With our great climate and open spaces, sports and recreation is part of our way of life. But spending time outdoors exposes us to harmful UV radiation that increases our risk of skin cancer.
Many outdoor sports happen when UV radiation is at its highest: 10am-2pm and 11am-3pm Daylight Saving Time. On a clear summer day in NSW, it can take just 15 minutes to get sunburnt.
While the risk is higher in summer, skin damage from the sun can happen throughout the year. Even in winter some parts of NSW have UV levels of three or above for some or all of the day, so sun protection is still important.
Many activities take place in environments with little or no shade and high levels of UV radiation are reflected from surfaces such as cement, sand or water.
Australian children are particularly at risk. Exposure to UV radiation in childhood and adolescence is a key risk factor for developing skin cancer later on.
Safety and responsibility
Every organisation involved in conducting sport and recreation events has a legal responsibility to ensure a safe environment for everyone involved – competitors, officials and spectators. Providing a safe environment includes protecting people from the harmful effects of UV radiation.
Developing a sun protection policy
Cancer Council NSW has developed a comprehensive sun protection policy which sporting groups can adopt as their own.
A sun protection policy is one of the best ways to ensure your organisation is fulfilling its duty of care with regard to sun protection. By developing and implementing a policy, you will provide members and supporters with guidelines to improve their sun protection and reduce their risk of skin cancer.
A sun protection policy should include the following key elements:
- Outdoor events, games and training are scheduled wherever possible outside of peak UV times (10am – 2pm and 11am-3pm daylight saving time).
- Sun safety is promoted when the UV levels are 3 or above. Check the SunSmart UV App.
- Players, officials and spectators are encouraged to use shade from trees and buildings.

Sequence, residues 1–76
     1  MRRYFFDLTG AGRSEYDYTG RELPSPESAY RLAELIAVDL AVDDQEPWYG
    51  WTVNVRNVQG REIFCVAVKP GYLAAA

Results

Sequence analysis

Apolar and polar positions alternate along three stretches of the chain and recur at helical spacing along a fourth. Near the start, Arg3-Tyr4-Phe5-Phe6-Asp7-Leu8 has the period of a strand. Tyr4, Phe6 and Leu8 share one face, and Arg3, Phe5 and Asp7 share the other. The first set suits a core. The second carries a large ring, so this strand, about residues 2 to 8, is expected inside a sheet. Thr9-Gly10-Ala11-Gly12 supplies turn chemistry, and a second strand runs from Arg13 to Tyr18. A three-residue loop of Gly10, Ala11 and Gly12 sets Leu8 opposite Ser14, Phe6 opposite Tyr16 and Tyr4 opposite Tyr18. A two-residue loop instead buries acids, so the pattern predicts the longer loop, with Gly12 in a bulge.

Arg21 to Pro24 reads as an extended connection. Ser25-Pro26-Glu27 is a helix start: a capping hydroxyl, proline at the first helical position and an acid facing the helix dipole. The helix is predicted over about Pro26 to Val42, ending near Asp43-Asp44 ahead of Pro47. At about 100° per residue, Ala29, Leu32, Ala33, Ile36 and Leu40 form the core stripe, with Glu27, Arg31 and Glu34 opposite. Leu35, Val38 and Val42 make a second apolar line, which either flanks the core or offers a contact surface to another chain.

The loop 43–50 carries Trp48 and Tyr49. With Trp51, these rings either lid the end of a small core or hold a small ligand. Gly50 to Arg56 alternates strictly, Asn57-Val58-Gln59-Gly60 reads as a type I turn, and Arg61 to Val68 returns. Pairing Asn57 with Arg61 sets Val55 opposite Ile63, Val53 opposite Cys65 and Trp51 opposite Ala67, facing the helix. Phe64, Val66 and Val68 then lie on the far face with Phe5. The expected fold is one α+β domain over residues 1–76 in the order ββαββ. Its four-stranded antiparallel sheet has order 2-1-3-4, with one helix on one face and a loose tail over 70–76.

- The organisation provides shade structures, and individuals are also encouraged to bring their own shade, eg, umbrellas.
- The organisation provides or promotes sun protection items such as sun-safe clothing, hats, sunglasses and sunscreen, for players, coaches and officials.
Communicating your sun protection policy
Communicating the new policy and the importance of sun protection is critical to ensuring that the policy is implemented.
You can do this by:
- Officially launching the policy so that every level of the organisation is aware it has been endorsed by the managing committee.
- Including a copy of the sun protection policy with every offer of employment and at enrolment for new members.
- Ensuring the policy is easy to find on the club website.
- Including sun protection information in your newsletters and new member brochures.
- Adding the SunSmart UV Alert to your clubs’ website.
- Promoting sun protection at events and meets over the loud speakers.
What should you do to improve sun protection behaviours
- Complete the 10-Step Sun Protection Checklist for Sporting Organisations to see whether or not you are implementing best practice sun protection in your club.
- Based on the answers to this, make a list of the changes you would like to implement for each sun protection recommendation.
- Keeping in mind your budget, develop a plan and timeframe to achieve your recommendations for change (for example, ‘we need a more sun protective uniform by the start of the next season’).
- Think about any issues or potential resistance that might arise from players, coaches and officials and how you will overcome these.
- Monitor your progress.
- Encourage senior athletes, coaches/trainers, referees and officials to role model sun protective behaviour to influence participants in the junior sports.
- Ensure that sun protection is incorporated in the planning of all carnivals/meets.